Dr Nik-Zainal (pictured left with our chief scientist) is using the power of modern DNA analysis technology at the Sanger Institute to search for and decipher the genetic signatures of DNA-damaging agents like tobacco and UV light, and of susceptibility genes like BRCA1 and BRCA2.

In 2012, while she was still completing her PhD, we reported on Dr Nik-Zainal’s work when the team used powerful computer programmes to identify the patterns of DNA damage during a tumour’s development.

And in 2013 we reported on the team’s work when they discovered more than 20 distinct cancer signatures.

Her work is critical in helping to understand how and why cancers arise, and the effects a cancer’s origins have on its behaviour and response to treatment.

The team that’s beating breast cancer before it happens

Teamwork is a vital part of any modern scientific endeavour. And our Translational Research Prize recognises the particular importance of scientists and doctors working together to translate laboratory discoveries into benefits for patients and the public.

The prize went to the International Breast Cancer Intervention Studies (IBIS) team led by Professor Jack Cuzick at the Wolfson Institute of Preventive Medicine.

The IBIS team are investigating whether breast cancer therapies which are currently used to help ensure the disease does not return after surgery — “adjuvant” therapy — might also be able to prevent the disease occurring at all. Their landmark IBIS trial showed that tamoxifen reduces the incidence of breast cancer by a third in high risk groups, such as those with a family history of the disease.

The team are running a second trial, IBIS II, looking at how anastrozole — a newer drug which tends to have fewer problems with side-effects — compares with tamoxifen as a preventative. Their results, published in late 2013, suggest that for some women, the drug could be even more effective.

Life in the nucleus

Ron said: "The fact that this award comes from Cancer Research UK makes it all the more special as it's a charity that I admire and respect enormously. I've had the privilege of support from Cancer Research UK for over 30 years and it's been a marvellous organisation to work with."

Ron said: “The fact that this award comes from Cancer Research UK makes it all the more special as it’s a charity that I admire and respect enormously. I’ve had the privilege of support from Cancer Research UK for over 30 years and it’s been a marvellous organisation to work with.”

Professor Ron Laskey was awarded the Lifetime Achievement Prize for his work revealing the molecular details of what happens inside the nucleus of the cell.

Professor Laskey’s discoveries have been pivotal in understanding the networks of molecular machinery that control how DNA is copied and how molecules are transported around the cell. These processes are critical in cell division, and it is errors in this molecular machinery that cause cells to proliferate in cancers.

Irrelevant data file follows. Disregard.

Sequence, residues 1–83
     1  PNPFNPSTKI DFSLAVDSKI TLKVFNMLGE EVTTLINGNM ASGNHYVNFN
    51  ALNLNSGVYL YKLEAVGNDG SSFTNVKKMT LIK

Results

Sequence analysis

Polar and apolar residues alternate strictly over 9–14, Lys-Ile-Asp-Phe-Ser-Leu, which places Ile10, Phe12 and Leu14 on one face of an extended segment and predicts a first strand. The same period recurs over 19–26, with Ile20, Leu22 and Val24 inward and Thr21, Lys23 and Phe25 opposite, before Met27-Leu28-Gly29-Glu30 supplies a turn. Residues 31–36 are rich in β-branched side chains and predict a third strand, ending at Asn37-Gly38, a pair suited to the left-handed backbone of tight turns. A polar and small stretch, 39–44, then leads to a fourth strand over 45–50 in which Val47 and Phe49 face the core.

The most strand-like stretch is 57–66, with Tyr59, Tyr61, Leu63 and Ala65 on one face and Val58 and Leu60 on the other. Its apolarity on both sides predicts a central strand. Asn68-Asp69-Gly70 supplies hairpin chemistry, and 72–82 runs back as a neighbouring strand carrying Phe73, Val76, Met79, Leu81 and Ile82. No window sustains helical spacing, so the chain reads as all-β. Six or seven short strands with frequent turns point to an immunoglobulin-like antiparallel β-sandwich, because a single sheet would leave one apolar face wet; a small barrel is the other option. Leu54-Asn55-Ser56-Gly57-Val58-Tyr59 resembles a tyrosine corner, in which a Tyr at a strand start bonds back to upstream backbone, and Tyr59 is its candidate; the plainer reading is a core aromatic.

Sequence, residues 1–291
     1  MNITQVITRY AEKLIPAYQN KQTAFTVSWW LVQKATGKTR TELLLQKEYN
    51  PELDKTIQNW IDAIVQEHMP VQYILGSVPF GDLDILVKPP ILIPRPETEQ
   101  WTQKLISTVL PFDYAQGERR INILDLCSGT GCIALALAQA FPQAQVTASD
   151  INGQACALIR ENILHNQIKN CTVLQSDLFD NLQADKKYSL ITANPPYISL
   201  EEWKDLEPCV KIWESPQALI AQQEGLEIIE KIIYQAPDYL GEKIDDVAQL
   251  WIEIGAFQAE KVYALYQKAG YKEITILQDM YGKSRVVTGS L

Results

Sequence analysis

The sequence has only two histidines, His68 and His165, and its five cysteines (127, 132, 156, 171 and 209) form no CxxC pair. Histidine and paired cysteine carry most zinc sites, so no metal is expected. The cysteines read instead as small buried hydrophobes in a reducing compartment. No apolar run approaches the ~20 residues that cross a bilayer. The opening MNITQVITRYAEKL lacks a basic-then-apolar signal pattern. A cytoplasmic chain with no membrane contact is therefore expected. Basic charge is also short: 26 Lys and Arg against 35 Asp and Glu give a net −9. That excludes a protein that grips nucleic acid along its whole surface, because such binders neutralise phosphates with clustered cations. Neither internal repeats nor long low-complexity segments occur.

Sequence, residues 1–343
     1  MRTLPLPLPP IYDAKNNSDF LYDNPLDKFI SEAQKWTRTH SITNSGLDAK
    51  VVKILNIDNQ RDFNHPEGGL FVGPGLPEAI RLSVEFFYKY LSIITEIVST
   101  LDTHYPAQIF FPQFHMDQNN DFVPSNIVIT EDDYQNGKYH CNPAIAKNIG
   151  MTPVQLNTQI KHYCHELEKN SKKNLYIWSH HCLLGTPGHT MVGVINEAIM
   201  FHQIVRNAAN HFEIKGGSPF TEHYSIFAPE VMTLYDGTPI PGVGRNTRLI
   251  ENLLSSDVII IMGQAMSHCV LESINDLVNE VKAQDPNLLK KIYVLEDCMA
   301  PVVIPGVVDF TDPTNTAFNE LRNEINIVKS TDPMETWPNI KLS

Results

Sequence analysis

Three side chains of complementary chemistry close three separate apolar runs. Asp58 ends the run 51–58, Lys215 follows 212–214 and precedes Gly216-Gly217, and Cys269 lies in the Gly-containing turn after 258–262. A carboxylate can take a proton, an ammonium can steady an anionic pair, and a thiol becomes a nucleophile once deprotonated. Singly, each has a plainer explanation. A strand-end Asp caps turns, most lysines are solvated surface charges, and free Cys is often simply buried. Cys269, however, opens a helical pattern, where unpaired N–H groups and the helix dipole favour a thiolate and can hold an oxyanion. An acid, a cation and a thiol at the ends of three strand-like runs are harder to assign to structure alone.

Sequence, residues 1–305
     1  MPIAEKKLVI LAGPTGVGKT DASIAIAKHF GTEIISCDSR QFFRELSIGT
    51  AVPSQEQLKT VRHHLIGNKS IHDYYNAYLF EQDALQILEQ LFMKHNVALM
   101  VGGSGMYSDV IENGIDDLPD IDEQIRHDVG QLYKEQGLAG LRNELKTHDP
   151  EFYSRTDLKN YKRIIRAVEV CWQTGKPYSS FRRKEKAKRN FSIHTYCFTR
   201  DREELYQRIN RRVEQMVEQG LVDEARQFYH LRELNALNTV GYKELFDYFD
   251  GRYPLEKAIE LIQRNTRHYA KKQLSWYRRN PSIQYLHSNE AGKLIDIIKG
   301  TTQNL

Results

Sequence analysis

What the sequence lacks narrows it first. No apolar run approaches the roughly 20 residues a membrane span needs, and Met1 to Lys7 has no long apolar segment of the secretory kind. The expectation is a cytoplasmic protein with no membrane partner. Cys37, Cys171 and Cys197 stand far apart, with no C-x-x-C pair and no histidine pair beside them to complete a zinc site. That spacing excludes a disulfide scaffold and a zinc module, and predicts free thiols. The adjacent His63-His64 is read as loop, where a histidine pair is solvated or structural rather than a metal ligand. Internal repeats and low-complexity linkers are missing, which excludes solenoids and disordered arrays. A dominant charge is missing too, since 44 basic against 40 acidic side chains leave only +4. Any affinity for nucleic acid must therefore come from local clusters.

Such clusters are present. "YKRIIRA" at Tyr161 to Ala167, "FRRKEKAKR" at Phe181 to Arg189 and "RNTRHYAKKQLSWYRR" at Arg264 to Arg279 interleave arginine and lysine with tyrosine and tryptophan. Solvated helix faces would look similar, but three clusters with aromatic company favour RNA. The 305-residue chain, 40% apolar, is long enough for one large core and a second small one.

Understanding how these processes work, and how they go wrong, is important for researchers who are designing targeted treatments, and the molecules Professor Laskey studies have also been developed into new screening tests that are currently in clinical trials.

Professor Laskey’s prize recognises a lifetime devoted to beating cancer, and we’ve long supported his work — as Cancer Research UK and our predecessors the Cancer Research Campaign and Imperial Cancer Research Fund.

During his time as Charles Darwin Professor of Embryology at the University of Cambridge, Professor Laskey helped to create our Gurdon Institute, a joint venture with the Wellcome Trust. And as a leader and mentor, he has helped to launch and inspire the careers of many current and future leaders in cancer research.

Awards ahead

And so a new year is now in full swing. At Cancer Research UK we are always striving to do more to bring forward the day we beat cancer, and as we start to see the results of our bold research strategy — which sets an ambition to see three in four cancer patients survive the disease within the next 20 years — we’re seeing ever more prize-winning results from our fantastic researchers.

Already this year we’ve heard that Dr Helen Walden, who researches how cells repair damage to DNA, will be awarded the Colworth Medal by the Biochemistry Society.

Meanwhile, Professor Chris Marshall (our 2011 Lifetime Achievement Prize winner) will receive the society’s Centenary Medal, recognising a career’s achievements deciphering the signals inside cells, including the discovery of one of the RAS family of signalling molecules, which we now know misbehave in a quarter of cancers.

And results from our IMPACT study into prostate cancer screening, led by Professor Ros Eeles at the Institute of Cancer Research, have just been named “best paper” by European Urology.

And of course, we’ll be awarding our own prizes again in the autumn — nominations for those Future Leaders, Translational Research and Lifetime Achievement Prizes are open now, and we look forward to celebrating another great year for our research community.

Joe Dunckley is a digital communications manager at Cancer Research UK